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« New Look | Main | Quizno's Franchisees Sue for Fraud and Unfair Business Practices »

November 16, 2006


Josh S.

So if I understand, the issue isn't whether they signed away their rights, but whether they were led to do so under false pretenses and while impaired?

I might be more sympathetic to this argument if these guys weren't so repugnant. Clearly, that is clouding my thinking here.

But hasn't the "I was drunk when I behaved badly" defense been debunked? Isn't the purpose of a waiver to demonstrate that someone is doing something willingly, all else be damned?

And as for them being misled about the distribution of the film, does their action really speak to that?

It seems that their argument hinges on them not knowing what they were doing at the time. I can see them saying they were too drunk to sign away their right to sue. But if you argue that they didn't know the film would air in the U.S., you're saying they agreed to be being filmed in a negative light as long as a set group of people -- their peers -- didn't see it. Was there any such guarantee in the standard agreement?

I'm sure these guys got roped into acting like apes on screen through some wink-wink-nudge-nudge tactics. But if you sign an agreement allowing yourself to be filmed, it's hard for me to think you don't get what you deserve.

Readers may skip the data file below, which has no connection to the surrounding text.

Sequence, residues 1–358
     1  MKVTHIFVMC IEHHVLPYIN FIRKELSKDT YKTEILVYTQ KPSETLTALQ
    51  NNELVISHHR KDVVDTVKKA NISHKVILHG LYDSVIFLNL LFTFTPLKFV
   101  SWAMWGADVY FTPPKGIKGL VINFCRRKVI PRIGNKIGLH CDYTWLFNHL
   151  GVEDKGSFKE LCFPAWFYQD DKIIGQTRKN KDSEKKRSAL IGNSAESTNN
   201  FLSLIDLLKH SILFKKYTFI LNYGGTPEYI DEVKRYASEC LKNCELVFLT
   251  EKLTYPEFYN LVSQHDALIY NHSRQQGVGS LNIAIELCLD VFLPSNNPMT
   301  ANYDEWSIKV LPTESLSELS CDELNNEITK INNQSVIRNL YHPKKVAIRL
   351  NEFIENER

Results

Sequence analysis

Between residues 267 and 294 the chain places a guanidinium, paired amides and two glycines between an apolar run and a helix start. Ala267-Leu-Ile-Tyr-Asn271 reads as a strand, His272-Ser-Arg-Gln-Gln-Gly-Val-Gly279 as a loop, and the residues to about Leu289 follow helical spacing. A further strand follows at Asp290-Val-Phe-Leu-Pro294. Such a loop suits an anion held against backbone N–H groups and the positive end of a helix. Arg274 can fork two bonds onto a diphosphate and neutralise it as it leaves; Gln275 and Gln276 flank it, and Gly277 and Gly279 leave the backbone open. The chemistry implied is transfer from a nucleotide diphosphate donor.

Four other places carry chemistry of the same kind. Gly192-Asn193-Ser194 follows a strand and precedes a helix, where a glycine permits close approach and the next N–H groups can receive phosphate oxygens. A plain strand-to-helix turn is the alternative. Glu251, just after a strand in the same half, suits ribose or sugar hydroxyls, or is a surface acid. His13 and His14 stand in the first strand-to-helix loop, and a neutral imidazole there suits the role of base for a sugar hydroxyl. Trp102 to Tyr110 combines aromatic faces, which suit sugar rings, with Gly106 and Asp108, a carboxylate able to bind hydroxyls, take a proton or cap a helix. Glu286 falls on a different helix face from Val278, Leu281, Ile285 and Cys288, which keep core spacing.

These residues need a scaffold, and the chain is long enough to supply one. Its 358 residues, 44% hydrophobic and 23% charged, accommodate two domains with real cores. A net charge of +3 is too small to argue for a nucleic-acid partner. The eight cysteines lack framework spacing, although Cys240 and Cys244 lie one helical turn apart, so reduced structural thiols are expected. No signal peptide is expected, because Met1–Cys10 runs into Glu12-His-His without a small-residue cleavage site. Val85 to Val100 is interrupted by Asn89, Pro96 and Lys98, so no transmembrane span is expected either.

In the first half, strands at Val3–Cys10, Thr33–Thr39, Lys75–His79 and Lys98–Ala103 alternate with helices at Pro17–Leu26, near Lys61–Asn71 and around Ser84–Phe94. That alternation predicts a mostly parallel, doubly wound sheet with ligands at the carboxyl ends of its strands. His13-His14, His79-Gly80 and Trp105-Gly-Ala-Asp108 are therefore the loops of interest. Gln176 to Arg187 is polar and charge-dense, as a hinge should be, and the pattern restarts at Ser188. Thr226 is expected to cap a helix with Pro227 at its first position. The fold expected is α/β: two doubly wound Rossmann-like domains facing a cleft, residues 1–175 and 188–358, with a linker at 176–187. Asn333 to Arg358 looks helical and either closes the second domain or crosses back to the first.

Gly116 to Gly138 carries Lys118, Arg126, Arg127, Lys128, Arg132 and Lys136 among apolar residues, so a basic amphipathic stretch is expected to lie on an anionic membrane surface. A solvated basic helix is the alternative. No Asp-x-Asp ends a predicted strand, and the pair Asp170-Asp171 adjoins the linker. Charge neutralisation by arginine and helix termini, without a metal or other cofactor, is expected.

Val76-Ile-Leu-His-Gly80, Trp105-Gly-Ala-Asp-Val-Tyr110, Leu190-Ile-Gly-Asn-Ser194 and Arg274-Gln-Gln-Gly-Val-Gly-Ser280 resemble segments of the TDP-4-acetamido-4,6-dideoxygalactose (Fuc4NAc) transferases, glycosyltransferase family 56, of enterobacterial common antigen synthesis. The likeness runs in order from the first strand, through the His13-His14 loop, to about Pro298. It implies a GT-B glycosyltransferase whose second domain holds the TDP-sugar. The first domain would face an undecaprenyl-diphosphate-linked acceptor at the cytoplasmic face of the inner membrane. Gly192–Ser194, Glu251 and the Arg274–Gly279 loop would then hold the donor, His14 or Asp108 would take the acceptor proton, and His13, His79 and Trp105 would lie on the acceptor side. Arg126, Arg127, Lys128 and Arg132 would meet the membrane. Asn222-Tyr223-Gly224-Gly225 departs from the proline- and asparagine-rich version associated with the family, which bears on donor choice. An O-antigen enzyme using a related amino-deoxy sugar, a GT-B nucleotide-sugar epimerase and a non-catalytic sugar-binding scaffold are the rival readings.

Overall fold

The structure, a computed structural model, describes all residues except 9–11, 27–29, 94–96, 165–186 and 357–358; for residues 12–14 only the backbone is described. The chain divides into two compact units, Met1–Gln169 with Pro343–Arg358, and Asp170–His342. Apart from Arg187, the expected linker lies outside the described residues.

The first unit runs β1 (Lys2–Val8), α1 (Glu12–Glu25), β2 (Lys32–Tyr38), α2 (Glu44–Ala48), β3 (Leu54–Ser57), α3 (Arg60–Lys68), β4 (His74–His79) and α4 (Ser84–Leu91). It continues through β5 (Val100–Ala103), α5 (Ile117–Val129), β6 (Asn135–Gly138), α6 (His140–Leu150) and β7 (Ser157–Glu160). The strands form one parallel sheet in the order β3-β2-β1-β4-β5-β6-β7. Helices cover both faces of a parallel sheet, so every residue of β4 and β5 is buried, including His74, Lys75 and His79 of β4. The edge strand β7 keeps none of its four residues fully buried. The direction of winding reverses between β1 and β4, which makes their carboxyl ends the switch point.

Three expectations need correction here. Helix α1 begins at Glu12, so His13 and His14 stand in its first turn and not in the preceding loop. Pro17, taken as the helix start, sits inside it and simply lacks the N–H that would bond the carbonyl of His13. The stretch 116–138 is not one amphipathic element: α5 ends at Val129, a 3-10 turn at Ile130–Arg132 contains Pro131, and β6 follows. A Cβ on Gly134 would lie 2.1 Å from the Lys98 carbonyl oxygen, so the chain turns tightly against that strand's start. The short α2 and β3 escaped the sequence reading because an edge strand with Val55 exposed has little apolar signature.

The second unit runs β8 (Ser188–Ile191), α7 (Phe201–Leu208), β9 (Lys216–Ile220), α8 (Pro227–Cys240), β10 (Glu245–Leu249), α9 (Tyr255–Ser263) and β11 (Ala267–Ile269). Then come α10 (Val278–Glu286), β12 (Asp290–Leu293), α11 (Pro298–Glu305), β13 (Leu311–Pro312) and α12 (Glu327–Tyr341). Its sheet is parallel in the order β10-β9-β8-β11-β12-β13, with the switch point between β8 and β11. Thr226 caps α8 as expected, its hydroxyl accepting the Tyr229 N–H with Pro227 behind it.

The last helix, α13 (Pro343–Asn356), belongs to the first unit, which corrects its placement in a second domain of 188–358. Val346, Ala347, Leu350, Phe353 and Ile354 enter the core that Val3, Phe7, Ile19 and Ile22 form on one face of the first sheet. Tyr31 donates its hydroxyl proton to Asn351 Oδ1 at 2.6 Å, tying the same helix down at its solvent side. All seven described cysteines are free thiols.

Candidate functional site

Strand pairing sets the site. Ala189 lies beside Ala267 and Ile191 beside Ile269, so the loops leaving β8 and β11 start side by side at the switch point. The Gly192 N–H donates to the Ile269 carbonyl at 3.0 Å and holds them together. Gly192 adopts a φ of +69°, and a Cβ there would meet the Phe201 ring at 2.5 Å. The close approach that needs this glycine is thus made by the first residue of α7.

Tom Kerner

Mr. S,

You are correct -- the issue the plaintiffs are raising is that they were either (a) intoxicated, or (b) misled about what was to come.

The intoxication defense has not only NOT been debunked, it's an excellent defense against being held to the terms of a contract. It just doesn't come up all that often, is all. If they can show they were intoxicated, it's clear cut that the contract should be rescinded.

I agree that their second line of attack -- misrepresentation -- appears to be thinner. Generally, a misrepresentation has to be so material to the agreement that the party would not have signed the contract had they known the truth.

The "won't be shown in the U.S." claim could go either way, in my view. It does not appear on the face of the contract.

But they can still introduce evidence (testimony) that they voiced concerns that the movie would be shown in the US; that they asked if the film would be shown in the US; and the producers told them it wouldn't (knowing that it would), then it's a pretty classic case of fraud by material misrepresentation.

For it's part, the defense could claim it is unrealistic in this day and age to think a movie wouldn't end up in the United States at some point, so therefore even if they did lie, the lie wasn't material. In other words, they will want to make the "US distribution" claim out to be *immaterial*.

So that whole line of argument will boil down to a question of fact as to whether there (a) was a misrepresentation at all, and (b) if so, whether it was *material* to the contract.

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